Everyone’s struggling — at least a little bit.
Maybe it’s the world I inhabit, but I don’t see too many people who feel like they’re smashing it out of the park.
That’s partly because people are under a lot of stress. But it’s also because everyone wants to do more, have more, be more. And, when you’re on that hamster wheel, it’s pretty hard to get off.
There’s nothing wrong with trying to make your life as good as it can be. In fact, it’s an excellent goal.
But a good life is not just a Big Grab for all you can get. It’s about piling some energy into the basics of everyday living. Which is easier, kinder and — ultimately — will take you further.
Here are the daily habits most worth cultivating.
7 Habits For a Happier, Healthier Life
When you arise in the morning, think of what a precious privilege it is to be alive — to breathe, to think, to enjoy, to love.” — Marcus Aurelius
1. Start your day the night before.
“It takes as much energy to wish as it does to plan.” ― Eleanor Roosevelt, former first lady of the United States
We all know some of the very best days of our lives start with no plan. And some of the very best activities are those that come from nowhere. Which is cool — and fun, when those things happen. But it’s unhelpful psychologically to live in free-fall, never knowing what the days will bring. All of us — and especially those who are struggling with their mental health — can benefit from having structure/routines.
So plan your day the night before. Write it down, not in glorious detail (that would be tedious) just a rough outline. Don’t have 107 things on your to-do list either. Five things is fine.
2. Anchor your morning — simply.
“ You don’t have to be great to start, but you have to start to be great.” — Zig Ziglar.
Morning routines are a fine thing if you have the time AND you are wired that way. But they can also be onerous and stressful — especially if you’re already time-deprived and you’ve been awake half the night overthinking everything. So just lock in one thing that tells you a new day has begun. A morning coffee. Making your bed. A 5-minute exercise routine. Writing in a journal. Prayer. Meditation. Something that you enjoy or makes you feel good or brings you comfort — and do every day, regardless of how you feel. It’ll anchor you psychologically and help you enter the day feeling more settled.
3. One good chat a day, keeps the blues away (Or at least helps.)
“Night air, good conversation and a sky full of stars can heal almost any wound.” Beau Taplin
Human interaction is well-documented as helpful — even crucial — to the quality of life. But in a fractured society, where working from home (or in isolation) is now a bona fide “thing”, many people are low on opportunities for quality interaction.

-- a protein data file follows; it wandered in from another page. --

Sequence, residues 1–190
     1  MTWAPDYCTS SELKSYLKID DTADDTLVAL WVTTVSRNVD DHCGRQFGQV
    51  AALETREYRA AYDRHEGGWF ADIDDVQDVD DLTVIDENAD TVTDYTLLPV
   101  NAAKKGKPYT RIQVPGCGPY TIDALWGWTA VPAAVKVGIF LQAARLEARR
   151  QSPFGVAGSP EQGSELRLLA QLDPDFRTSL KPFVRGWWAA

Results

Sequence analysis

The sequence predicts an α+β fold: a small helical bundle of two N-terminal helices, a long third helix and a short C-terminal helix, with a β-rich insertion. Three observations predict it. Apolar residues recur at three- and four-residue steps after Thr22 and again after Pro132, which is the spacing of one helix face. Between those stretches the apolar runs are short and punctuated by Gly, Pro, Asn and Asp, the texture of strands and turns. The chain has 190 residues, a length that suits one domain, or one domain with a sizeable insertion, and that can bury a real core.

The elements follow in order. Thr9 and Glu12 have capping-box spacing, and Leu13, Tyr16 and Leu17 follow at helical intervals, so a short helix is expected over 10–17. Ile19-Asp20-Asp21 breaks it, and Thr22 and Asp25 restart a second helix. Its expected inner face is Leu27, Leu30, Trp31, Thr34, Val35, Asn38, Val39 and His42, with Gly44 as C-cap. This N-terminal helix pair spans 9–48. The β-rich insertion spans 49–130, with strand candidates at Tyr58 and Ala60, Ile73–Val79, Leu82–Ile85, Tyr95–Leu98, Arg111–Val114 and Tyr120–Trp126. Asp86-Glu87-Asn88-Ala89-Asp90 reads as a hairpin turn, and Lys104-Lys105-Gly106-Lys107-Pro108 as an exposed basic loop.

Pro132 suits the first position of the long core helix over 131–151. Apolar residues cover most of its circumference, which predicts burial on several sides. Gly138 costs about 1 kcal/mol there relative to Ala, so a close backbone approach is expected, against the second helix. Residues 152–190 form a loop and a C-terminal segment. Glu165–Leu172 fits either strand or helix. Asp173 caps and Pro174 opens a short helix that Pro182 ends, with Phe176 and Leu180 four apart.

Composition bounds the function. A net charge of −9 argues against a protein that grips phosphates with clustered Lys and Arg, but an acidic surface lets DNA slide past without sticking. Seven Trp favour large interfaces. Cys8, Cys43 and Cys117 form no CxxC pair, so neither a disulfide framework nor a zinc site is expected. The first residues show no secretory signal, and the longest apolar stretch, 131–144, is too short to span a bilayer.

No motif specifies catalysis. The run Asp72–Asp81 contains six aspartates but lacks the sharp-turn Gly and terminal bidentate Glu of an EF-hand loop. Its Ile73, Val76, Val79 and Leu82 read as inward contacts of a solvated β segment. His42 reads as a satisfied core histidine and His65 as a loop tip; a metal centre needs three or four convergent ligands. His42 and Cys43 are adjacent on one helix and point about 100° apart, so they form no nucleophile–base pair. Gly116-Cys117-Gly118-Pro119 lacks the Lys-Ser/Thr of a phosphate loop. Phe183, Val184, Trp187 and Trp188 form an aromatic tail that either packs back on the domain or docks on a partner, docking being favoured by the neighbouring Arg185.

A lot of the stuff that pours from our lips is domestic, trivia, logistical or mechanical: It’s necessary to get through the day, but it doesn’t do much for our sense of wellbeing. But a good conversation — or banter — will boost your mood. Aim for one a day. Any more than that is a big win.
4. Turn on your creativity tap — one hour a day.
“You can’t wait for inspiration, you have to go after it with a club.” —Jack London
Business researcher and author Jim Collins may well be the guru of personal data tracking: he aims for 1,000 creative hours for every 365-day block — even if he’s sick or super-busy. Yes, he puts it all on a spread sheet. It’s one of his keys to leading a fulfilling life.
This level of tracking is beyond most of us, but it’s a cool idea. Creativity is so helpful for our psychological health and — if you’re a creative person — you’ll be miserable if you don’t find time for it. So just aim for one hour of creative pursuit each day and track it on your phone or in a diary. You don’t have to get out the easel and paint like Picasso. If you’re thinking or learning, it counts.
5. Your body is worth more than bitcoin.
“Take care of your body. It’s the only place you have to live in.” — Jim Rohn
Forget bitcoin, or even your bank account, for a bit. There’s one investment that’s worth more than those. Your body is home to your spirit, to all that you are. It’s also your personal shop window: that’s what the world sees. Hopefully clothed. So it demands — and deserves — good care.
Daily exercising is great if you can manage it. But, for most of us, it’s hard to work out every single day. And there’s also that mental barrier (aka, we really don’t want to). But there are other ways to treat your body well. Bathe it, pamper it, put lotions on it, dress it well. Even feeding it something healthy counts.
6. Track your laughter.
A good laugh and a long sleep are the best cures in the doctor’s book.” — Irish Proverb
I don’t mean write down every time you laugh. That would be weird and undermine the whole purpose of having fun. But make sure there’s some laughter in your life.
When people are depressed, they’ll often say they’ve lost their sense of humour — or that sense of lightness. Their laughter feels dry and a little forced. They know they’re feeling better when it comes back. Don’t force yourself to be positive but find ways to stay light of spirit. It makes everything seem better.
7. Be a little idle.
“My mind works in idleness. To do nothing is often my most profitable way.” — Virginia Woolf.
Hyper-productivity is still seen as aspirational and — yes — a busy day or period in your life can feel great. But cramming your days full of activity is exhausting and mentally unhealthy. So carve out time for yourself. Just to think or read or dream or stare into the void. Often, our best ideas spring from idleness. So find a way to take your foot off the pedal and just hang out. If nothing else, your mind and body will appreciate the break.
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